Vodafone has reacted swiftly to the biggest sell-off of its shares in its history with a £1bn share buy-back programme designed to boost confidence in its flagging valuation.
The mobile phone giant said yesterday it would ask shareholders to approve the buy-back at next Wednesday's annual meeting, after a 14 per cent fall in its share price on Tuesday.
That plunge was prompted by a warning from Vodafone that it anticipated revenues to be lower than expected this year, with an economic slowdown in many of its key markets depressing sales.
"Vodafone has considered the market reaction to the group's interim management statement and has decided to introduce a £1bn share repurchase programme with immediate effect," the company said. "This action reflects the board's belief that the share price significantly undervalues Vodafone."
Senior executives at Vodafone were taken aback by the savage market reaction to its warning, particularly since many areas of the business, especially in emerging markets, are continuing to perform well.
Arun Sarin, who will be replaced by Vittorio Colao as Vodafone's chief executive at next week's meeting, has insisted while the company is not immune to economic slowdown, it is "resilient".
However, market analysts said the share buy-back programme, in isolation, was unlikely to provide a significant short-term boost to Vodafone's share price, which has fallen by almost a third over the past 12 months.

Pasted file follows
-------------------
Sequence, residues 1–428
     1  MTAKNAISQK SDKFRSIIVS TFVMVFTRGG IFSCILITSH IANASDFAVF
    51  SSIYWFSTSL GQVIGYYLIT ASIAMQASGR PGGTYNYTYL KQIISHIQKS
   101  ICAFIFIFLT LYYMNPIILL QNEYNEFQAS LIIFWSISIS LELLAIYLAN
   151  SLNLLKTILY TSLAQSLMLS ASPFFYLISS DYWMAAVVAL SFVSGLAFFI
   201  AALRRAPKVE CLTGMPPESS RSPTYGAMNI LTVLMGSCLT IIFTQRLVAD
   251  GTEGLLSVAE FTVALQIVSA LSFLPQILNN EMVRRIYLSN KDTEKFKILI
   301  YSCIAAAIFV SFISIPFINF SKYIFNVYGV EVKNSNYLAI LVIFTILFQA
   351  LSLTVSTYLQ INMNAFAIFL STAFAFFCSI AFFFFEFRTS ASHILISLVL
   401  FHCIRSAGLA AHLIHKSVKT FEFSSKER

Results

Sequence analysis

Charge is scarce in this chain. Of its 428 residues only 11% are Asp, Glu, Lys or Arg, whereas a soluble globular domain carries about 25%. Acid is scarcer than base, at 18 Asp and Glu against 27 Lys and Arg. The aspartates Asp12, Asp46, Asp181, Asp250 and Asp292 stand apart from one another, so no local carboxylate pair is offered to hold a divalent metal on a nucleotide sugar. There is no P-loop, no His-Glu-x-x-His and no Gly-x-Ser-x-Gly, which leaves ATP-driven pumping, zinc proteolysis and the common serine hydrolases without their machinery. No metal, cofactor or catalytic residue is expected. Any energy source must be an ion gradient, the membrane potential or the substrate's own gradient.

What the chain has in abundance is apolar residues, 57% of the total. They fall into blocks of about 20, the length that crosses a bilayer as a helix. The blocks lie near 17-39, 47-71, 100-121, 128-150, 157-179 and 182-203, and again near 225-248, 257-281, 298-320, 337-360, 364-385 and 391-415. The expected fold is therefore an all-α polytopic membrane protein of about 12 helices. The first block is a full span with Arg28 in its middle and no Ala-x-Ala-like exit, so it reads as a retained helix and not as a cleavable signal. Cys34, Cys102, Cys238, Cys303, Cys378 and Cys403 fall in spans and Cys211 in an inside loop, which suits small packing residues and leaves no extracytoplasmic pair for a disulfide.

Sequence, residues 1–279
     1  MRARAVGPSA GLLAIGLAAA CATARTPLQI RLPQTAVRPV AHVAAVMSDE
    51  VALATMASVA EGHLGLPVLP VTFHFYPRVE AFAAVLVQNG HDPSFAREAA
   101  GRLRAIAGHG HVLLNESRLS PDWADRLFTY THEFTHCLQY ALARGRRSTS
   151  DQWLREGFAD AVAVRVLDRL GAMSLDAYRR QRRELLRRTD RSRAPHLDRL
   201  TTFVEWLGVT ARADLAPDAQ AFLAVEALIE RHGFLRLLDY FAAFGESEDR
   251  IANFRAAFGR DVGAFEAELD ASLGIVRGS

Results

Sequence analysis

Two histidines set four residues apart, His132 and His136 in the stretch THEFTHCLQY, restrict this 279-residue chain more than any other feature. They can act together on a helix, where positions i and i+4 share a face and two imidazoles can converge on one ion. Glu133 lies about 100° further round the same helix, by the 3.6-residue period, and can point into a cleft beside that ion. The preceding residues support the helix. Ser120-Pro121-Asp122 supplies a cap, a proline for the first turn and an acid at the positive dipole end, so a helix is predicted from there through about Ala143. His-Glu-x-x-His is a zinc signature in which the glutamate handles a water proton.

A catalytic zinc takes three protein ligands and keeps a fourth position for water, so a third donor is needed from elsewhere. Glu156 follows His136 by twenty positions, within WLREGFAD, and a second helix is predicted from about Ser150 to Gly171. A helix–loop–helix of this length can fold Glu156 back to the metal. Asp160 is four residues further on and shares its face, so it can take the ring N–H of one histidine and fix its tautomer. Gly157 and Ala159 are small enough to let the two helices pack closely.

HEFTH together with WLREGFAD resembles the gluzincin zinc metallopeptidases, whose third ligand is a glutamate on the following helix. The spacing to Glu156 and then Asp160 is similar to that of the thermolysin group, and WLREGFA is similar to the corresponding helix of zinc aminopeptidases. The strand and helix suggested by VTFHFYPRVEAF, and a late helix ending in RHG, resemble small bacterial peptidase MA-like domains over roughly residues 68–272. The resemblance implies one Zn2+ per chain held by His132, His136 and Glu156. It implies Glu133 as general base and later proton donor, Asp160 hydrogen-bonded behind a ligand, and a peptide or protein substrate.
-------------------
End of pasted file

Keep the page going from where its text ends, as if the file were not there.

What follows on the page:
Paul Howard, managing director of European telecoms and media research at Cazenove, said: "Given the possibility of further revenue and perhaps profit downgrades, it is difficult to envisage Vodafone shares staging any immediate and sustained recovery."
Amanda Purton, an equity analyst at Barclays Wealth, added: "This [buy-back] should hopefully provide some support for the shares in a weak market, but sentiment is likely to stay negative for Vodafone in the short term as investors worry about weakness in western Europe and the impact the economic slowdown is having on the business."
Vodafone also suffered on Tuesday from being the first large company in the telecoms sector, which has previously been seen as a relatively defensive refuge for investors, to warn of an impact from the slowdown. The company has been hit particularly hard in Spain, where revenues fell in the first half of the year.Reuse content